Once upon a time, in a faraway land, there was a princess. She was waiting. Waiting for something; someone. She was waiting for her knight in shining armor, a prince, to come and rescue her; to get her out of the trouble she somehow found herself in, because frankly, she couldn’t do it on her own. She waits for that man (because it always has to be a man) to come and when he does, he makes all the trouble go away. He, ultimately, saves her.
Then comes the ending, they live happily ever after.
That’s how the story goes, right? The fairy tale we tell young girls over and over again. The princess movies that we see day in and day out.
As much as I love these movies, they do a great injustice to women. By creating these movies, like "Sleeping Beauty" or "Cinderella," and telling these fairy tales to young girls, for instance, "Little Red Riding Hood," it teaches girls that they can accomplish nothing without a man, they cannot fight their own battles, they have to wait until a man comes along and once they do, everything will be better.
We are teaching girls from a very young age that they are incapable and that they must fall to men because they have the power to get done what needs to get done.
Now, one might think that this doesn’t apply to today’s fairy tales because we live in a world where gender equality is being fought for, which is amazing, and to some extent true. The princess movies are stepping away from the blonde hair, blue eyed, white princesses and including all ethnicities, like "The Princess and the Frog," and more recently, "Moana."
However, the prince-saving-princess story hasn’t changed, which remains a huge issue for the girls growing up today. "Moana," released in 2016 by Walt Disney Animation Studios and Walt Disney Pictures, depicts a young Hawaiian girl, learning the ins and outs of her people because she’s in line to take over as the leader - not the princess, but the leader.
Upon learning this detail, which they emphasized in the movie, I nodded my head in approval. The writers were very careful to avoid placing the title "princess" onto a young girl but instead placed the title "leader" onto her, which gives the impression that Moana is a woman and she is in charge. I applauded that strategic move and expected that mindset to drive the rest of the movie, but, with my dismay, I was poorly mistaken.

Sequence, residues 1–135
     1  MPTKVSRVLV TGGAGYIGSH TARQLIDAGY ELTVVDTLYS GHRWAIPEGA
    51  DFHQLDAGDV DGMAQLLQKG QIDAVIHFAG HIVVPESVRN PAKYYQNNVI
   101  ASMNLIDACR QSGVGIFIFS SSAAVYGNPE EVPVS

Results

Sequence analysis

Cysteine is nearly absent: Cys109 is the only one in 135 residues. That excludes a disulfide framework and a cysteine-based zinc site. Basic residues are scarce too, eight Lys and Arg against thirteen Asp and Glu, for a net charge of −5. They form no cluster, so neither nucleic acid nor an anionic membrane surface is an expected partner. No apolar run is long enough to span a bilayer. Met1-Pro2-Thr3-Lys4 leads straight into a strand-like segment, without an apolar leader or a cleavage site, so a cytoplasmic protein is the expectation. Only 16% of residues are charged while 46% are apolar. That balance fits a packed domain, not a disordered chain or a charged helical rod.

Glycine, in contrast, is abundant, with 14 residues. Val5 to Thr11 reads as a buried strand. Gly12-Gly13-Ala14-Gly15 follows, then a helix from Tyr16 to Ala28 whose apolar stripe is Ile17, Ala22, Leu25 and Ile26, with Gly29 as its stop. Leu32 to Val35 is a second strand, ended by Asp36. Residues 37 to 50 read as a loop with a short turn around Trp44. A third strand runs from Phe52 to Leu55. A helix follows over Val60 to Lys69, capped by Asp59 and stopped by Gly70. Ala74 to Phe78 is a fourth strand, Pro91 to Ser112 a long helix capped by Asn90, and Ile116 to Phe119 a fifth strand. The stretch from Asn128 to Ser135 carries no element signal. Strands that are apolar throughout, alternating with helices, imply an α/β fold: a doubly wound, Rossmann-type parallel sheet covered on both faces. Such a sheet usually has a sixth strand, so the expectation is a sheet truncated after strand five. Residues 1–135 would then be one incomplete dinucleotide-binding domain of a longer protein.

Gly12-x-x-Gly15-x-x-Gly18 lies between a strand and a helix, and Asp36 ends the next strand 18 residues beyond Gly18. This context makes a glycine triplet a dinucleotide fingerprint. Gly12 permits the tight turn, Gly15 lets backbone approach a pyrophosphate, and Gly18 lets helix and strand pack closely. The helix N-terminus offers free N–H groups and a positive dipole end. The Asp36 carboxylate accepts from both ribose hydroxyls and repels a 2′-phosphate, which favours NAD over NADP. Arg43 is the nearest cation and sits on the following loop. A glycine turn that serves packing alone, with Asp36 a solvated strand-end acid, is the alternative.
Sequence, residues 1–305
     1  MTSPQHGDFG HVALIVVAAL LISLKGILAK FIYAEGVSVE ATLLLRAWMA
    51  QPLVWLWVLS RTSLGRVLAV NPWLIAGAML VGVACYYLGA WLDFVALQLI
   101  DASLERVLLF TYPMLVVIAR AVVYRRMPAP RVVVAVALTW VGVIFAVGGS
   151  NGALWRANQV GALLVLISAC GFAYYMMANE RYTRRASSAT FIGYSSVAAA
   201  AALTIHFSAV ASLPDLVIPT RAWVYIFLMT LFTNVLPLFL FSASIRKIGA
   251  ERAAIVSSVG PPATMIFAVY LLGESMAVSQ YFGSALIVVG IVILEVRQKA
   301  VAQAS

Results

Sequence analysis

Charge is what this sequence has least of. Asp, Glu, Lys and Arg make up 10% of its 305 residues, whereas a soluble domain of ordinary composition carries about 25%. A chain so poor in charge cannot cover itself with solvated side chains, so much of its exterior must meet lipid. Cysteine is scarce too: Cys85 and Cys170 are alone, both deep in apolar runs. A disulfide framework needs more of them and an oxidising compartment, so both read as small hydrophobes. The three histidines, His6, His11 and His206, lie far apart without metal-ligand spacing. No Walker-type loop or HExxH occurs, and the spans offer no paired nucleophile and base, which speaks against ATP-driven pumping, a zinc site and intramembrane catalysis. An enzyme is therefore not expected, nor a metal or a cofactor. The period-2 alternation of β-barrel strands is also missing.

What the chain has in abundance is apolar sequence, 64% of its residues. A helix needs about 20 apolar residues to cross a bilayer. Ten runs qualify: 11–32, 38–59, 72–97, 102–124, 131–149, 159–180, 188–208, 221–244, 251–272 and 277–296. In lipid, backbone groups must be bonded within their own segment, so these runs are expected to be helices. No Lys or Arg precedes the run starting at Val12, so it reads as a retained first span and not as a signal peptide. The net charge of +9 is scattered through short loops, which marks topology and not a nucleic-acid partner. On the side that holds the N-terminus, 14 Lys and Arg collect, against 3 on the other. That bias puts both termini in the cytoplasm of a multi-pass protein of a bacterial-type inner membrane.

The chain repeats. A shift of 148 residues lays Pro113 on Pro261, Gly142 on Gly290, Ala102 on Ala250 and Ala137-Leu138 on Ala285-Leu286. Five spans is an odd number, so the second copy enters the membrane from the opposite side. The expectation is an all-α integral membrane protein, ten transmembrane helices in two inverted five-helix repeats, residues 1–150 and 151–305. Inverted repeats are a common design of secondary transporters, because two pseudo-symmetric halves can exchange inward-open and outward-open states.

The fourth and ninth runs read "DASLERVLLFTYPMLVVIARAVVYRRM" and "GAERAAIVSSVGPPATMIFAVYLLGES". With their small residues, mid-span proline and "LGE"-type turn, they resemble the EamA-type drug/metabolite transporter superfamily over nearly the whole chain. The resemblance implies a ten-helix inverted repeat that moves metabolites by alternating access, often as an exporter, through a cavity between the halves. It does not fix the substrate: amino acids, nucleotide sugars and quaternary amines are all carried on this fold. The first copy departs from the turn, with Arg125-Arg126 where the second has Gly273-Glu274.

It’s perceived that Moana is out at sea all on her own, fighting the elements, learning how to sail along the way, and in the end, make it to her destination, rather by accident. By taking a closer look, however, she is never really alone and only makes it to her destination, the deserted island that Maui is on, with the help from the ocean. If the ocean wasn’t there for her, if it didn’t guide her or protect her, would she have been able to accomplish the task?
The male protagonist that Disney chose to represent is nothing less than surprising. Not only is Maui the stereotypical big, strong, muscular, handsome male, but he’s a demigod, for crying out loud. Moana gets to be perceived as a leader in training, but Maui gets to be a demigod. I thought this story was about how Moana saves her village? In the end, it does seem that way, but of course, not without the help from the demigod.
Toward the end of the movie, I started to root for Moana again when, after the first attempt to get past Te Kā, the fiery monster, fails, she accomplishes getting past the monster on her own, without the help from her demigod friend. But of course, Disney can’t let Moana defeat Te Kā completely on her own, so they send Maui back in.
Ultimately, it was Moana who defeated Te Kā, not through physical power, but through brain power, which Maui had nothing to do with. My problem here is, why include him at all? Before Moana figured out a way to defeat Te Kā with her mind, Maui took care of all the physical fighting; he protected Moana from getting killed by Te Kā.
In the end, "Moana," the story of a leader saving her village, turned sour in my mouth because she couldn’t do it without the help from the ocean, and more importantly, the demigod.I’m glad to see diversity within the "princess" movies, but it kills me to witness the entertainment industry still trying to figure out a way to portray woman as warriors, not opposed to men, but in addition to men.